Police response driver Vaughan Lowe was responding to an emergency when a man stepped in front of his unmarked vehicle and was fatally injured.
That tragic incident, in April 2012, was the start of a six year nightmare for the West Midlands offcer. Initially he was put on trial over the man’s death and later, once he had been exonerated, he was tried for gross misconduct.
Speaking about the incident, the traumatised offcer recalls: “I was driving to an emergency and abiding by my training. A gentleman collided with the front of the vehicle and subsequently died. I went to court and stood in the witness box as a defendant – this was a new experience and not one I would wish on any police offcer. Those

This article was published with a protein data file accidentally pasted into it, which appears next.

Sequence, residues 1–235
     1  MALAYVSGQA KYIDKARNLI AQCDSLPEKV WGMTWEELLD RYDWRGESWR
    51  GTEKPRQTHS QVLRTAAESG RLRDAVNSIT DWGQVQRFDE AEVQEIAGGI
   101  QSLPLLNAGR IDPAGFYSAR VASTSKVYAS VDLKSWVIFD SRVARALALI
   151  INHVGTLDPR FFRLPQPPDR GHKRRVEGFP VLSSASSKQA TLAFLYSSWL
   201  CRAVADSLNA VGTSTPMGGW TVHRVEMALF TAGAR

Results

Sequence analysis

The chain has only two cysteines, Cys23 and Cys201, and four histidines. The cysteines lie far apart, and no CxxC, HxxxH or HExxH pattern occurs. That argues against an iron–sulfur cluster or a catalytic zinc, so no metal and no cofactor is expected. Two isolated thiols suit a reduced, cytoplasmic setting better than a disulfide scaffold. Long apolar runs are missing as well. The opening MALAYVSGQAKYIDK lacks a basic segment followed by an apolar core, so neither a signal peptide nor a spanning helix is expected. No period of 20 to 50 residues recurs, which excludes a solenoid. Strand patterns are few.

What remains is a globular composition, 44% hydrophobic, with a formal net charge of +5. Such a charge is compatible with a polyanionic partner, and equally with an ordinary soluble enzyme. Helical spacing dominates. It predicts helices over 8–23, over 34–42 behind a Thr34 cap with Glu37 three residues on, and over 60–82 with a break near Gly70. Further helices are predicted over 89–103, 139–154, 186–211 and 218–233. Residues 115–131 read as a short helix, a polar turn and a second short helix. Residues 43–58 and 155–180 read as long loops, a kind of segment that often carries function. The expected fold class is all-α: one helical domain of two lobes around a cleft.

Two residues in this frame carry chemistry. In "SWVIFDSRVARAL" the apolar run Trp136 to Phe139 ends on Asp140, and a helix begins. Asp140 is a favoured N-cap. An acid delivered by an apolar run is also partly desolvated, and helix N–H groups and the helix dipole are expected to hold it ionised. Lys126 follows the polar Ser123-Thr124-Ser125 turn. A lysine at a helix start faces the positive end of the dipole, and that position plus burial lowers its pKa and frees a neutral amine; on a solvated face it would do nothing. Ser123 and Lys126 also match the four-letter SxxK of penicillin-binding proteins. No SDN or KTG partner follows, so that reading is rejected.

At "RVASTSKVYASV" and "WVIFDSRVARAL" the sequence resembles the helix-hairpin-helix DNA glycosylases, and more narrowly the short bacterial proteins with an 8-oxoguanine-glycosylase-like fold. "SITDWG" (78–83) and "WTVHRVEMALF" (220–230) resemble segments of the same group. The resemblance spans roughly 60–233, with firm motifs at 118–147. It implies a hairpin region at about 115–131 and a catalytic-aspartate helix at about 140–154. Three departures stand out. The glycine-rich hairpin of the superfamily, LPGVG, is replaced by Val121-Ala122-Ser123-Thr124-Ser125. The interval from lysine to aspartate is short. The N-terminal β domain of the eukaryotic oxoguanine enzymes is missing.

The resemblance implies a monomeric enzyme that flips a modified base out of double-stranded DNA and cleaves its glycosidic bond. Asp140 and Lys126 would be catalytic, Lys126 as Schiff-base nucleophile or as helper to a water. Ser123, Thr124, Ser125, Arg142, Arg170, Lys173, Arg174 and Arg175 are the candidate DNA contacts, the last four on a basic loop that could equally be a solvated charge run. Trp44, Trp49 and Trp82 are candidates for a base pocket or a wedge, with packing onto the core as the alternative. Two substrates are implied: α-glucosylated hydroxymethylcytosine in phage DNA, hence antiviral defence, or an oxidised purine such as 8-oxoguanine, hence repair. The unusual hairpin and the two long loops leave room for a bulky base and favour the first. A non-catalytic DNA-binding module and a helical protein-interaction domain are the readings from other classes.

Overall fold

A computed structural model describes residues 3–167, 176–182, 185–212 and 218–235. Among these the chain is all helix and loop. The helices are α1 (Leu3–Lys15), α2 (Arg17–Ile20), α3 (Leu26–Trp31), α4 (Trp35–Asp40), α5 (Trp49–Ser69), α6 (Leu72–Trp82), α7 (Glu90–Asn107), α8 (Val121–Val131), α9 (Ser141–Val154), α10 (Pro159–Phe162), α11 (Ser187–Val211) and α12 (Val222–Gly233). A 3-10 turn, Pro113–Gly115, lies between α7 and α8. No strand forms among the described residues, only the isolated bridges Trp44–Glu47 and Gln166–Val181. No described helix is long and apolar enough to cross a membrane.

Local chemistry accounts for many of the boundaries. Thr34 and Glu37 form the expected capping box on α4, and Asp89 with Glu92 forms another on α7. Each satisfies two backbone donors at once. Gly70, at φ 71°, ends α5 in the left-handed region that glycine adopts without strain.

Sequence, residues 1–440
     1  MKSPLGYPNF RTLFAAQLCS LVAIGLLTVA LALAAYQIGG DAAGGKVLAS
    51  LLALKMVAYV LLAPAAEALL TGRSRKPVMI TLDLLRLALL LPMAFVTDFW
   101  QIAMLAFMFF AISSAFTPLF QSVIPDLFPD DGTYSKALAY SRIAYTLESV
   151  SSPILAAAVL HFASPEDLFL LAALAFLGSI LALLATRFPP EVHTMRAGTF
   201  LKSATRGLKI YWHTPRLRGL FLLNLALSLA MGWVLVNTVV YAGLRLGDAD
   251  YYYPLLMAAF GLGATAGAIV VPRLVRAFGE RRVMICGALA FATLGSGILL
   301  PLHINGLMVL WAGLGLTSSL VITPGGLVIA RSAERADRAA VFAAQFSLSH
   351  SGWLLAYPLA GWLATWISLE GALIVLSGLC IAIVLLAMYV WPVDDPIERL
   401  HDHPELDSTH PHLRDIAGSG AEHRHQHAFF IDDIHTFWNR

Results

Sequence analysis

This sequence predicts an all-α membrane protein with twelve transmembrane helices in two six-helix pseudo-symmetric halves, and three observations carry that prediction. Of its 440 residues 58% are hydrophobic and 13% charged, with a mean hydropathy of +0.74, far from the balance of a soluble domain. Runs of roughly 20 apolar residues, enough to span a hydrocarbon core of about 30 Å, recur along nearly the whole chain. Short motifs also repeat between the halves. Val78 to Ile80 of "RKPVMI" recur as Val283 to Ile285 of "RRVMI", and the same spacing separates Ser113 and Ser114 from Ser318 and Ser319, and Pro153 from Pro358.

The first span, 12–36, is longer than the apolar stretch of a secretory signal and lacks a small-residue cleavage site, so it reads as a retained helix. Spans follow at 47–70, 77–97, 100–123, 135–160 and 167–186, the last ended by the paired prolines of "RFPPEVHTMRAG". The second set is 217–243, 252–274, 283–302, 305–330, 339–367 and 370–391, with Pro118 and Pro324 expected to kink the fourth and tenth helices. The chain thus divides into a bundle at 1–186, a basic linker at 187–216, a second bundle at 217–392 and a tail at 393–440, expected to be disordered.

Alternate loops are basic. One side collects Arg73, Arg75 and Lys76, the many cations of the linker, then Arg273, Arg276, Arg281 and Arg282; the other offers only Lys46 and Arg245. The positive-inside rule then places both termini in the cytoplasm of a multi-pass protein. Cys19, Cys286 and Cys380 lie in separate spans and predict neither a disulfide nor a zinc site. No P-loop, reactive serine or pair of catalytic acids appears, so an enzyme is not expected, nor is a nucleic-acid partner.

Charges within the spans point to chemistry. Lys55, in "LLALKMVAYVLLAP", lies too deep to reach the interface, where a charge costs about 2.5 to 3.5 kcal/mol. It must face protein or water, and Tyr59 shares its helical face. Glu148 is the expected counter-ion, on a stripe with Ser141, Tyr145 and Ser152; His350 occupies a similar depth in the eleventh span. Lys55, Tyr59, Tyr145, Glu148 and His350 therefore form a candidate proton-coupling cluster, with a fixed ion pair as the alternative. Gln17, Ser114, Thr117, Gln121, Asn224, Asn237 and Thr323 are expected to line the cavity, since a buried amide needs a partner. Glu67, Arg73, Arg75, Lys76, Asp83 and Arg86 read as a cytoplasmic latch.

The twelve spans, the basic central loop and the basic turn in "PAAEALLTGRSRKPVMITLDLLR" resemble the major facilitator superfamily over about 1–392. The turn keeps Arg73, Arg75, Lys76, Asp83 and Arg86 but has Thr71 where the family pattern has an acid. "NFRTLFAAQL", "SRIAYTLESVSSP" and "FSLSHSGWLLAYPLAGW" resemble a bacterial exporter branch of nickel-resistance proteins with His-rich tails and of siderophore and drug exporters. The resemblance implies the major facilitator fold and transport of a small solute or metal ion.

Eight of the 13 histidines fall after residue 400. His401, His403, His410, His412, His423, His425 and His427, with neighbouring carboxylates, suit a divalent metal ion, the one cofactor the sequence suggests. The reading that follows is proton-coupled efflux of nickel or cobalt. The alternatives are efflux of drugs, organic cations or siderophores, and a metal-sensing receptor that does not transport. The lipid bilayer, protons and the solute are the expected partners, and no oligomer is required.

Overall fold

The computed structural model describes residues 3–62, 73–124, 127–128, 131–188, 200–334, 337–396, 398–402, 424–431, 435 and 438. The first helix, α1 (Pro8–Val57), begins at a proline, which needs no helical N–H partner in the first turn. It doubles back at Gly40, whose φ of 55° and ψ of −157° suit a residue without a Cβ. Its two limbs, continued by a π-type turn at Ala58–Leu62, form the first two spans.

fve seconds where you wait for a verdict - guilty or not guilty - your life is in the balance.”
PC Lowe was cleared, but the Independent Police Complaints Commission (IPCC), now the Independent Offce of Police Conduct (IOPC), decided the offcer should be investigated for gross misconduct, prompting a further 18 months of uncertainty until he was again exonerated.
He adds: “There was a review into how I’d been treated and an ACC said there had been failings, but that doesn’t make up for six years of what my family and I have been through.”
Police drivers receive ongoing training to drive outside of normal limits in emergency situations. Yet this is not currently taken into account by the law if something goes wrong.